Steps 202 through 215 in FIG. 2 are steps for determining air-fuel ratio of the exhaust gas. F1 in steps 209 and 215 is a flag representing whether the air-fuel ratio of the exhaust gas is on a rich side (F1=1) or on a lean side (F1=0) compared to the stoichiometric air-fuel ratio. The value of F1 is switched (reversed) from 0 to 1 (a lean condition to a rich condition) when the O2 sensor 28 continuously outputs a rich signal (i.e., VOM>VR1) for more than a predetermined time period (TDR) (steps 203 and 204 through 209). Similarly, the value of F1 is switched (reversed) from 1 to 0 (a rich condition to a lean condition) when the O2 sensor 28 continuously outputs a lean signal (VOM≦VR1) for more than a predetermined time period (TDL) (steps 203 and 210 through 215). CDLY in the flowchart is a counter for determining the timing for reversing the value of the flag F1.

At steps 216 through 224 in FIG. 3, the value of FAF is adjusted in accordance with the value of the flag F1 set by the steps explained above. At step 216, it is determined whether the air-fuel ratio of the exhaust gas is reversed (i.e., changed from a rich air-fuel ratio to a lean air-fuel ratio, or vice versa) since the routine was last executed, by determining whether the value of F1 changed from 1 to 0 or 0 to 1). If the value of F1 changed from 1 to 0 (a rich condition to a lean condition) since the routine was last executed (steps 216 and 217), the value of FAF is increased step-wise by a relatively large amount RSR (step 220), and if the value of F1 changed from 0 to 1 (a lean condition to a rich condition) since the routine was last executed (steps 216 and 217), the value of FAF is decreased step-wise by a relatively large amount RSL (step 241). If the value of F1 did not change since the routine was last executed, and if the value of F1 is 0, the value of FAF is increased by a relatively small value KIR every time when the routine executed, as long as the value of F1 is 0 (steps 216, 222 and 223). Similarly, if the value of F1 did not change, and if the value of F1 is 1, the value of FAF is decreased by a relatively small value KIL every time when the routine executed (steps 216, 222 and 224). Namely, when the value of F1 did not reverse, the value of FAF is gradually increased or decreased in accordance with whether the air-fuel ratio of exhaust gas (F1) is rich or lean. Further, the value of the FAF is restricted by the maximum value MAX (for example, MAX=1.2) and the minimum value (for example, MIN=0.8) to keep the value of FAF within the range determined by the values of MAX and MIN (step 225). Then, the routine terminates this time, after setting the value of the flag XMFB at 1 at step 226.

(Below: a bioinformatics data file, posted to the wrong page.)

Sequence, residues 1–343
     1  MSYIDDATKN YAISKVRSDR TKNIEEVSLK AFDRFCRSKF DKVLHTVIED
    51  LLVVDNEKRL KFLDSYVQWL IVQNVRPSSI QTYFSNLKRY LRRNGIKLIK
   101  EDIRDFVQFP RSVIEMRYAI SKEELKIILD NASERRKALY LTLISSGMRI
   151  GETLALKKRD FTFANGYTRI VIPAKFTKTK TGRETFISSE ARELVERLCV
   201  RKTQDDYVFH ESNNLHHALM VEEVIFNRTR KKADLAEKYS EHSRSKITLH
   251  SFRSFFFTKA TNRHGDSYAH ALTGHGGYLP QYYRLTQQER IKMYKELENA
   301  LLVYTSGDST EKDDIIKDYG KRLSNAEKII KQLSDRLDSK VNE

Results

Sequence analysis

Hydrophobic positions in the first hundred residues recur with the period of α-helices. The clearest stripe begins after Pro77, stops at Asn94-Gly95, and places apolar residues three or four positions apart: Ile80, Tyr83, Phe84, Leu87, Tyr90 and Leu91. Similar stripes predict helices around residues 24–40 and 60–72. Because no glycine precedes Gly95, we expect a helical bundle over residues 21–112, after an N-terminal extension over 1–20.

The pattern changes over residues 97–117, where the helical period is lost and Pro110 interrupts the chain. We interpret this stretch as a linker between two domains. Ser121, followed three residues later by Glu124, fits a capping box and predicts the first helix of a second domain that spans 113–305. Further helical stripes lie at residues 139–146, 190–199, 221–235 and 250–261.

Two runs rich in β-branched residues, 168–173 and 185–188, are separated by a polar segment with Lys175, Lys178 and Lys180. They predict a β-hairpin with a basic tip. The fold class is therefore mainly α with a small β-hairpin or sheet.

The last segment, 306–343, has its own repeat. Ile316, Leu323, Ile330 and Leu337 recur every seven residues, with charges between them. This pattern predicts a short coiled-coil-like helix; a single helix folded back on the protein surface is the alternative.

Further, if the value of FAF changed from 0 to 1 since the routine was last executed, the value of FAF immediately before it is increased by RSR is stored in the RAM 32 as FAF0 at step 218. If the value of FAF changed from 1 to 0 since the routine was last executed, the learning correction subroutines in FIG. 8 are performed to adjust the values of the feedback learning correction factor KG and the fuel vapor learning correction factor FGPG (step 219). Namely, the values of correction factors KG and FGPG are adjusted every time when the air-fuel ratio of the exhaust gas (F1) is changed from a lean air-fuel ratio to a rich air-fuel ratio.